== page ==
Dominant narratives of creativity regularly expect female-associated forms of creativity to be provisioned naturally without need for the economic incentives provided by exclusive rights, just like housework and childcare. Even as the concept of Romantic authorship has come under sustained analytic assault, its challengers often look elsewhere–to the kinds of creativity in which men are more likely to participate–to find models of situated, always-influenced authorship. In this chapter, I examine one variant of the problem, in which certain arguments about copyright discount the value of forms that are predominantly produced and enjoyed by women. But creative works in these oft-denigrated genres, such as media fandom, open up new possibilities in sexual and gender relations, and women learn to see themselves as valuable speakers by becoming creators. As a result, increasing the visibility of women’s creative works, including explicitly transformative works based on specific copyrighted predecessors, is an important part of rejecting the fetishization of Romantic authorship and valuing diverse kinds of creativity.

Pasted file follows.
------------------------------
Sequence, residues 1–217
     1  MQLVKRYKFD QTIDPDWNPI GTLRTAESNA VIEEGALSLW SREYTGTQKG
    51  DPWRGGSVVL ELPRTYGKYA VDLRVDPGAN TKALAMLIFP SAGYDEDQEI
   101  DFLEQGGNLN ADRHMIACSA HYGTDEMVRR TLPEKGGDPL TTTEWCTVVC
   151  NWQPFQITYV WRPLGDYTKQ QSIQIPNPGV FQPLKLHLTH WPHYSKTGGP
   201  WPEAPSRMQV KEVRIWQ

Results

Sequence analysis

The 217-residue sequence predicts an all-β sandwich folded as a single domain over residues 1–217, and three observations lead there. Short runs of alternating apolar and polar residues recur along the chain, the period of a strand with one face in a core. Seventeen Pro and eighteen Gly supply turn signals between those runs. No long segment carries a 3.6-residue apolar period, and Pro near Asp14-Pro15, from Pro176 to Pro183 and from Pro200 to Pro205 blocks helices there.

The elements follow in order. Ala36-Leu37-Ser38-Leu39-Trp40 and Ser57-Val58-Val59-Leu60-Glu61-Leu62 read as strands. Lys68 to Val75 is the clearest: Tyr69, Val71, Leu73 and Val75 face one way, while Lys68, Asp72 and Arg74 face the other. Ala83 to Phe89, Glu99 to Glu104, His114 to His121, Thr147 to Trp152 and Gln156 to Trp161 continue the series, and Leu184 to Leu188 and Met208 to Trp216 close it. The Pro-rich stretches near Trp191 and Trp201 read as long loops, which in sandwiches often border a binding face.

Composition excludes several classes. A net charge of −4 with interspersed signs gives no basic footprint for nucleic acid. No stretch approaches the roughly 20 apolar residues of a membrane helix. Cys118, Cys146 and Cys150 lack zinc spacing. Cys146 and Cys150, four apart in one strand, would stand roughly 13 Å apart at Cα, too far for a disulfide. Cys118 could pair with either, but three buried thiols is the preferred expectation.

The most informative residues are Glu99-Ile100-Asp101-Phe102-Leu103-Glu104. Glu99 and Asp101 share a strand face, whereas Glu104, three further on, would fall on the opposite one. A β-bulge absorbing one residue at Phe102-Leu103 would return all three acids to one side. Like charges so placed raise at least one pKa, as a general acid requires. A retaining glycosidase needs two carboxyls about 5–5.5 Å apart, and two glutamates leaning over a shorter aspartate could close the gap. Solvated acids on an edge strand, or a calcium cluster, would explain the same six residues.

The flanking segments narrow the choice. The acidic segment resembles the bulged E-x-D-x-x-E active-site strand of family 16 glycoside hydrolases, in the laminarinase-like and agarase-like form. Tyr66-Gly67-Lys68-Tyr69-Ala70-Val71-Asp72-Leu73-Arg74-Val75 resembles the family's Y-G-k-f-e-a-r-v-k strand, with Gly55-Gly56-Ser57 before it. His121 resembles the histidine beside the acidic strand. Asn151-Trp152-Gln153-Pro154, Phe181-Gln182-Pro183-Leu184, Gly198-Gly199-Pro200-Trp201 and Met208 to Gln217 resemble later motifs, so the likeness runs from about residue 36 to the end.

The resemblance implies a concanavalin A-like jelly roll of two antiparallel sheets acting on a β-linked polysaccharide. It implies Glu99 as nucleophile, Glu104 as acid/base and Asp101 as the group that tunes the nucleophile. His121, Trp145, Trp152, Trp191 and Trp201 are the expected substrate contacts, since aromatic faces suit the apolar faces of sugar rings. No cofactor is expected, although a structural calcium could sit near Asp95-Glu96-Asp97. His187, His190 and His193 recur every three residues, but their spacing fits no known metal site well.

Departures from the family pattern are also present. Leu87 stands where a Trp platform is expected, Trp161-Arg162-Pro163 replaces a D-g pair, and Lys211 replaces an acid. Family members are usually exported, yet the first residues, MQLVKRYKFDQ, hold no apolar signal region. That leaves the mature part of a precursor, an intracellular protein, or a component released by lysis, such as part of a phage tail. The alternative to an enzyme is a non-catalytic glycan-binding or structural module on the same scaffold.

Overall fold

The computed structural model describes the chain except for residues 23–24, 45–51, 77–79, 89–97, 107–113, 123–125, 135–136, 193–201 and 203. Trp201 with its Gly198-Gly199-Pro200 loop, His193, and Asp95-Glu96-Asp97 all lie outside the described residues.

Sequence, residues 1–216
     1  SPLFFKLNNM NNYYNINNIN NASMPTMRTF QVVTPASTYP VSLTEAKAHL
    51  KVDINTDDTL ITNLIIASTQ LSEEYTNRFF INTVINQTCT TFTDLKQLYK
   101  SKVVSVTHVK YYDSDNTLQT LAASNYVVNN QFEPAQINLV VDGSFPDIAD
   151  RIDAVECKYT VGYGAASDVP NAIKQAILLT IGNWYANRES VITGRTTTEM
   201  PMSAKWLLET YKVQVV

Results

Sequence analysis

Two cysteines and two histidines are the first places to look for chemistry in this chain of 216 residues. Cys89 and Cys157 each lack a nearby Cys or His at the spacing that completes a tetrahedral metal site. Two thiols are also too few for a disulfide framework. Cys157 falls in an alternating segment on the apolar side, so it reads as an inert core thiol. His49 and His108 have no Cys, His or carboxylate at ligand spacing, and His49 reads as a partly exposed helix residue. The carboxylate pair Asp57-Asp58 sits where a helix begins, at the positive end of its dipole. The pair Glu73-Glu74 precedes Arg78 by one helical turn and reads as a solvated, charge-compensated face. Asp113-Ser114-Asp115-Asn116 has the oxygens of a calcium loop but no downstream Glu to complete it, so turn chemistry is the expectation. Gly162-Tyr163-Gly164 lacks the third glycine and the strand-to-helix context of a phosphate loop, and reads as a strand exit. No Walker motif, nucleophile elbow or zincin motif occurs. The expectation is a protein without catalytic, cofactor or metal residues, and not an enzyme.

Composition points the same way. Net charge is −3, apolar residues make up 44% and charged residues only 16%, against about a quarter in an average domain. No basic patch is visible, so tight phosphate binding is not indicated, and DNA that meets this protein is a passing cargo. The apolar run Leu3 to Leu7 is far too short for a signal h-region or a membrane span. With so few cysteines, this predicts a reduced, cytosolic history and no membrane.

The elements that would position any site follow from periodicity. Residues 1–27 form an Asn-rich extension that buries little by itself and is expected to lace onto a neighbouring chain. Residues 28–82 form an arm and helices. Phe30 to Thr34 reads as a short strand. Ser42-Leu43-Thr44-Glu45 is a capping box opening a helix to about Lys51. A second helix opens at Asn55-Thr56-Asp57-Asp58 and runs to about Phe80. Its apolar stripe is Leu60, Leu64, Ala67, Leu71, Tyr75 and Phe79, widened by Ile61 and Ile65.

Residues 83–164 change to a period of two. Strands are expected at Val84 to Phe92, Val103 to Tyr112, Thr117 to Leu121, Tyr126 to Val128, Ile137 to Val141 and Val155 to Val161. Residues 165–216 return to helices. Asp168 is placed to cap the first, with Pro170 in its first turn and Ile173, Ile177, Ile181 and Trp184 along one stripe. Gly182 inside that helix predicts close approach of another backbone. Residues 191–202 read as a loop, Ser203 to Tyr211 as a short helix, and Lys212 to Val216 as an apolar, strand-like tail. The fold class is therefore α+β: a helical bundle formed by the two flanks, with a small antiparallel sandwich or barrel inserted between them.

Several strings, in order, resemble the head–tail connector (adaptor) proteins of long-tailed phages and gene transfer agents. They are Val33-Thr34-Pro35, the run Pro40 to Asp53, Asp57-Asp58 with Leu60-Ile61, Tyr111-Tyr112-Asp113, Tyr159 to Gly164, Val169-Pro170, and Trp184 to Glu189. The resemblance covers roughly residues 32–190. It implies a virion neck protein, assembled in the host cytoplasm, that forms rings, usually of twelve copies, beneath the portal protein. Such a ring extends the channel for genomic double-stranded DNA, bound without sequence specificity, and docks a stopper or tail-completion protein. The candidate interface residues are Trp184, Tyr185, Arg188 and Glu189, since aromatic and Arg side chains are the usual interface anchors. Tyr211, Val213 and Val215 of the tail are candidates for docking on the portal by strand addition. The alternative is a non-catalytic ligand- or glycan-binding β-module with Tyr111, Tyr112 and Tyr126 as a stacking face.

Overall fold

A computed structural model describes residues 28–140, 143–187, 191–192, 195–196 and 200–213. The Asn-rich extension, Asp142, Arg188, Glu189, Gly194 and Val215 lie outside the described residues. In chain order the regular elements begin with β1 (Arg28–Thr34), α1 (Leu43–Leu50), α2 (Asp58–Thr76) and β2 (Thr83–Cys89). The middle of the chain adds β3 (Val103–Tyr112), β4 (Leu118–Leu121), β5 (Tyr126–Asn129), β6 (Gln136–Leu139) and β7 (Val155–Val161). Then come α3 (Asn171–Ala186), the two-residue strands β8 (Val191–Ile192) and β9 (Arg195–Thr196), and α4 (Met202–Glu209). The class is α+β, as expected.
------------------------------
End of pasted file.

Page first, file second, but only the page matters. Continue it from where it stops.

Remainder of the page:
Rebecca Tushnet, The Romantic Author and the Romance Writer: Resisting Gendered Concepts of Creativity, in DIVERSITY IN INTELLECTUAL PROPERTY, (Irene Calboli & Srividhya Ragavan eds., Cambridge Univ. Press, forthcoming 2015)
Scholarly Commons Citation
Tushnet, Rebecca, "The Romantic Author and the Romance Writer: Resisting Gendered Concepts of Creativity" (2015). Georgetown Law Faculty Publications and Other Works. 1419.